March 24, 2020
Tim Lang, professor of food policy at City University.
Supermarkets in the United Kingdom are not keeping up with the increase in demand caused by the coronavirus situation, and some people are left with nothing to buy.
A food policy expert has warned a food disaster could be imminent unless the Government implements rationing.
Tim Lang, professor of food policy at City University in London, has written a letter to Boris Johnson asking him to ‘initiate a health-based food rationing scheme to see the country through this crisis’.
He wrote to the Prime Minister ‘out of immediate concern about the emerging food crisis’ and in the letter described public messaging about food supply as ‘weak and unconvincing’.
His warning comes after shoppers across the country have been met with empty shelves as panic-buying takes hold.
People are mostly buying toilet paper though.
The government should start promoting the practice of cleaning the anus with water.
The scarcity in our shops has left many vulnerable people and NHS staff unable to buy food and essentials.
Professor Lang said it is understandable that concerned families have been bulk-buying if they are concerned about self-isolating for a number of weeks.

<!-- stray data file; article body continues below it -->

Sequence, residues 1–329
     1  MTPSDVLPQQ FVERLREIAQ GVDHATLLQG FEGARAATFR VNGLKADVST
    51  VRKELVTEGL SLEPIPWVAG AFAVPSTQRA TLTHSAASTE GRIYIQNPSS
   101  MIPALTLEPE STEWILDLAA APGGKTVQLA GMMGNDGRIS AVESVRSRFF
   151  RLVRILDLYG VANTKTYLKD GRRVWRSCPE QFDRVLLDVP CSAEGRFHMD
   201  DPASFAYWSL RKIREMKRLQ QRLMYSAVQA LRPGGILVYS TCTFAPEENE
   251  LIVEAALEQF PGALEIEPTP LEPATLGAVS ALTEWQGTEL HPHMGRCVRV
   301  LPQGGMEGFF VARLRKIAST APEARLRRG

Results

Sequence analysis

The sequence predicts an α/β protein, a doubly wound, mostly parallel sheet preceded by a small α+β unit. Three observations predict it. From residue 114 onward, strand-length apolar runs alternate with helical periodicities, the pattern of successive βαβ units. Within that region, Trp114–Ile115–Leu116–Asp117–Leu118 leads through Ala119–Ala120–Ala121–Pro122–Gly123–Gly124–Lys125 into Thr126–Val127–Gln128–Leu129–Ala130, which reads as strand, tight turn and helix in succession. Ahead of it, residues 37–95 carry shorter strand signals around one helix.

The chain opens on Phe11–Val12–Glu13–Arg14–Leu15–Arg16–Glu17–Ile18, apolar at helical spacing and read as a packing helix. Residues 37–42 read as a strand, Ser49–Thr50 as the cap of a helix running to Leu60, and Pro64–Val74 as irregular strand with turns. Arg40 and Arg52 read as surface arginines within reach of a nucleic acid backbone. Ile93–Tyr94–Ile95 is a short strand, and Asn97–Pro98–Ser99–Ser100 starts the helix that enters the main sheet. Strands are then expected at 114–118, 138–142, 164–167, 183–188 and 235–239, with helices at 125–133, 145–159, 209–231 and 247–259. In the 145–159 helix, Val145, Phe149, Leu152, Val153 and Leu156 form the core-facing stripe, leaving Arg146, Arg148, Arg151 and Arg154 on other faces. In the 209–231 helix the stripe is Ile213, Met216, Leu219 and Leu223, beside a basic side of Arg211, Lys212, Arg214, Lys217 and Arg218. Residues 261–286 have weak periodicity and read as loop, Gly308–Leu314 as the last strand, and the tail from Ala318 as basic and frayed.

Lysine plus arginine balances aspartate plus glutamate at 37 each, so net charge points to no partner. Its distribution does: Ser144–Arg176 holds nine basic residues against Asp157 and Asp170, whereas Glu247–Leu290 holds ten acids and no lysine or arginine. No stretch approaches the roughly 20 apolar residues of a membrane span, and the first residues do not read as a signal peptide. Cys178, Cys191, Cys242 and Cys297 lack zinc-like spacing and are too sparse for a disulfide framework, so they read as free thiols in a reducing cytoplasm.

But he believes clearer public messaging from the Government would have helped to avoid this crisis.
He also criticised the Government for ‘blaming’ consumers who are going out to buy groceries to last a few days.
He said: ‘The supermarkets are already subject to unprecedented purchasing stress. Yet people have been stocking up, not least out of concern that, if someone in their household falls ill, they will be unable to obtain more supplies.
‘Consumers have repeatedly been told to look after themselves, so cannot be blamed for acting within their viable realm of influence.
‘It might be regrettable, but stockpiling or uncivil behaviour in stores are signs that appeals to restraint or repetition of the ‘We are in it together’ message are wearing thin when it comes to food supply.’
The professor also fears for low-income families as food banks close and others have very short supplies.
Prof Lang said a ‘very difficult period’ is ahead, adding: ‘We’ve got to do demand management, not just blame people when they start getting three days or a week’s food supply.
‘That’s nothing. Nothing. In my childhood, that’s what everyone did.
He said there needs to be a public food committee which ‘addresses the interest of the public’, adding: ‘What is being exposed is the lack of devolved regional and local food engagement.’
Maybe living in concrete hives where no food is produced and where every supply has to come from the outside wasn’t such a bright idea after all.
The coronavirus, bioweapon or not, is exposing some of the weaknesses of Modernity.